Plant and Soil

, Volume 257, Issue 1, pp 219–226 | Cite as

Interaction of drought and high temperature on photosynthesis and grain-filling of wheat


Drought and high temperature often occur simultaneously, but their effects on crops are usually investigated individually. Our objective was to compare effects of drought, high temperature, and their interactions on photosynthesis and grain-growth of wheat (Triticum aestivum L.). Plants (cv. Len) were grown uniformly in well-watered soil at 25/20 ± 2 °C day/night until anthesis, when they were subjected to regimes of no drought (soil at field capacity) and drought (plant water potential of −.0 to −2.4 MPa) at 15/10, 25/20, and 35/30 °C in controlled environments until physiological maturity. Drought decreased photosynthesis, stomatal conductance, viable leaf area, shoot and grain mass, and weight and soluble sugar content of kernels but increased plant water-use efficiency. High temperature hastened the decline in photosynthesis and leaf area, decreased shoot and grain mass as well as weight and sugar content of kernels, and reduced water-use efficiency. Interactions between the two stresses were pronounced, and consequences of drought on all physiological parameters were more severe at high temperature than low temperature. The synergistic interactions indicated that productivity of wheat is reduced considerably more by the combined stresses than by either stress alone, and that much of the effect is on photosynthetic processes.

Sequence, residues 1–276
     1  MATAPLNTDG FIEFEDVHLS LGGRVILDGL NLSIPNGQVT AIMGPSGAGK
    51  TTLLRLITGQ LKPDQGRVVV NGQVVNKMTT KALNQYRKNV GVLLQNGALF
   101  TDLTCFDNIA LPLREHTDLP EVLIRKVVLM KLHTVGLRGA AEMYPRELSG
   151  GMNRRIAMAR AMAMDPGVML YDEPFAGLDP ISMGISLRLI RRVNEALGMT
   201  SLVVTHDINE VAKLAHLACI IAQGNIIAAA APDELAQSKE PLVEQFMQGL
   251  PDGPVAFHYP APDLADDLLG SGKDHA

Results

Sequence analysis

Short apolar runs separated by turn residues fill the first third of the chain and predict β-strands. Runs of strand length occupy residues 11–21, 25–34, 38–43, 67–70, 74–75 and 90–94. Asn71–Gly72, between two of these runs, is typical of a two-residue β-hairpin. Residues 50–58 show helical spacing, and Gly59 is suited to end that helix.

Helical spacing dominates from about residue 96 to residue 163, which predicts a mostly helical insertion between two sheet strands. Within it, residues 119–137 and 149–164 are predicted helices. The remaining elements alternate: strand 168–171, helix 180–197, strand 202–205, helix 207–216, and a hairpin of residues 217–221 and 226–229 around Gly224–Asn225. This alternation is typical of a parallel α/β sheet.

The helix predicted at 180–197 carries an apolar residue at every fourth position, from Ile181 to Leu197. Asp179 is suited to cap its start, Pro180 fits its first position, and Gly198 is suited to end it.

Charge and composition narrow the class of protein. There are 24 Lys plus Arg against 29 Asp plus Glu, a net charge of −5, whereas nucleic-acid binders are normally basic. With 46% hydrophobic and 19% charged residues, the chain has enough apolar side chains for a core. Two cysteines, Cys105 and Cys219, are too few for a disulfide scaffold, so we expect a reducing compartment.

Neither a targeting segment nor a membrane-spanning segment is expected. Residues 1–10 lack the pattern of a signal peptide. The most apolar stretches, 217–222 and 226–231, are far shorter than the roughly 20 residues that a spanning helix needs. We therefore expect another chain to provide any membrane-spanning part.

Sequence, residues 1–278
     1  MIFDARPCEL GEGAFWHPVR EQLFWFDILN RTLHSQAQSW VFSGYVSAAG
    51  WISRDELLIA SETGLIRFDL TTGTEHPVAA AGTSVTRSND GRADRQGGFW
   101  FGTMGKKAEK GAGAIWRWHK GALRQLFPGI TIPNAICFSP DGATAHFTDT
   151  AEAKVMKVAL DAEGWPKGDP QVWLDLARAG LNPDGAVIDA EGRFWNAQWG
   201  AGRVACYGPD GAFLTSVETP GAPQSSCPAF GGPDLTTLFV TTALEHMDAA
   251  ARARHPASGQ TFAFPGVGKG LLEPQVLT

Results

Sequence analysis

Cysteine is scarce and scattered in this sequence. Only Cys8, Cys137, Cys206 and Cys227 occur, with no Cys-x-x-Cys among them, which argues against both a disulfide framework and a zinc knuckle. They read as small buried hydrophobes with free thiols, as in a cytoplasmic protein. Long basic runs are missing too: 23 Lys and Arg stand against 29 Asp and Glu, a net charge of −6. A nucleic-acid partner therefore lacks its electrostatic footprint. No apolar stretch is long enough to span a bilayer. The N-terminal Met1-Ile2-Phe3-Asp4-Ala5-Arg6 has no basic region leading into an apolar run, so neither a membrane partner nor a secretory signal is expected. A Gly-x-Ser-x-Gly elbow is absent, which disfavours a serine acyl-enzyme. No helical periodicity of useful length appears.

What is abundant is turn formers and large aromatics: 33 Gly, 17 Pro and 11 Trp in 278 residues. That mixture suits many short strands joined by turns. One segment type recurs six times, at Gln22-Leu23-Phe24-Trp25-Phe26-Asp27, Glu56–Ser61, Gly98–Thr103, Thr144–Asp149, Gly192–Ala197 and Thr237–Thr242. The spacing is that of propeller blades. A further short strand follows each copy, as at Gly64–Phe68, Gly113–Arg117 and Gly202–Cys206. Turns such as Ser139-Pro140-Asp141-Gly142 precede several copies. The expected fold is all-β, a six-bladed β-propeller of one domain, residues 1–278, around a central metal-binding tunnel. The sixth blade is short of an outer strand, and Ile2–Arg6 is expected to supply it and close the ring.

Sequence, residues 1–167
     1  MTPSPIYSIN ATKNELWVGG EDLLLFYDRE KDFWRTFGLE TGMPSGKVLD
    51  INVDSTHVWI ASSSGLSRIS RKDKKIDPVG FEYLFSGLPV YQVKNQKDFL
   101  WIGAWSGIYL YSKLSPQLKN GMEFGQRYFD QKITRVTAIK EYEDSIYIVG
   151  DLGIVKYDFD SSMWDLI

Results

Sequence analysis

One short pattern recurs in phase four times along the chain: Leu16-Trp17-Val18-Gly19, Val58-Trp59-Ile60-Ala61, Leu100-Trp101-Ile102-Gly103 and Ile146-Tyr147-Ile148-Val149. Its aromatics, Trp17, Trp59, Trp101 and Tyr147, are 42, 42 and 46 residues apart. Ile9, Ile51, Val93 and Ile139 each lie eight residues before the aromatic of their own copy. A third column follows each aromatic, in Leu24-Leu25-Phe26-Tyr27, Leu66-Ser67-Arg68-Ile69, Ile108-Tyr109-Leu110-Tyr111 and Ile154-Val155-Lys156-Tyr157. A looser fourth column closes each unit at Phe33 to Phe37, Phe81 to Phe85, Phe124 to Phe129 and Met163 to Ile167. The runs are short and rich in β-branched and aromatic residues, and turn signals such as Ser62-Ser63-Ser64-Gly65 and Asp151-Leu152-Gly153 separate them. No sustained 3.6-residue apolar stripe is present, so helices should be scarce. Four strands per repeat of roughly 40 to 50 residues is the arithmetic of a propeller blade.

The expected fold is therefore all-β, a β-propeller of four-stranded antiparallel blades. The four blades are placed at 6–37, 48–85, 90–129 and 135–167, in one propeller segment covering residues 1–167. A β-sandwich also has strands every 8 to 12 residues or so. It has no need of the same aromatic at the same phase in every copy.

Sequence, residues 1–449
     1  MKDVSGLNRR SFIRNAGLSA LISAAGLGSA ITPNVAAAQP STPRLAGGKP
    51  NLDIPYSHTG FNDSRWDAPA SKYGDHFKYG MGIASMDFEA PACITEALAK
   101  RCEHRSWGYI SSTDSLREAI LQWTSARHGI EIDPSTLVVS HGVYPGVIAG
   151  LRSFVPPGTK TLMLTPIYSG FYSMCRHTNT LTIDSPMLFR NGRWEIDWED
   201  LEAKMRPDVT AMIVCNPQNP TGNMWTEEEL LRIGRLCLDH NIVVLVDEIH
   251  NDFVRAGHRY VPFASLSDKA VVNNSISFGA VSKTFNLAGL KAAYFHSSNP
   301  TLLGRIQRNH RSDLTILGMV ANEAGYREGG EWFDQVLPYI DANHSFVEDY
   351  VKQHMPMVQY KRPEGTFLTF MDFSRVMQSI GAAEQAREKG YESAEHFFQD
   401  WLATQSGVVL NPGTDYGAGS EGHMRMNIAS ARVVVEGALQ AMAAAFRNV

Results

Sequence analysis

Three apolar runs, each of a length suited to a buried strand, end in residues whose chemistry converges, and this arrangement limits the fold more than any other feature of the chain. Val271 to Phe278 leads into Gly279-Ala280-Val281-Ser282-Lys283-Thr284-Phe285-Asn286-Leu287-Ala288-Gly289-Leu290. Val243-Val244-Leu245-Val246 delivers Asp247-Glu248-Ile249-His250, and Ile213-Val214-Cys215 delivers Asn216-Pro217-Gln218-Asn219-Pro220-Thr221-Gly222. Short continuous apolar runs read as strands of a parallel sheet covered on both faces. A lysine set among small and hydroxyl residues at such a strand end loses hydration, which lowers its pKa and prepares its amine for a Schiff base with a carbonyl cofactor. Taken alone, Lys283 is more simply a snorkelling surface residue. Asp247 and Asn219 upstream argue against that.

drought high temperature photosynthesis plant stress water relations wheat 


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© Kluwer Academic Publishers 2003

Authors and Affiliations

  1. 1.Department of Agronomy, Throckmorton Plant Sciences CenterKansas State UniversityManhattanUSA

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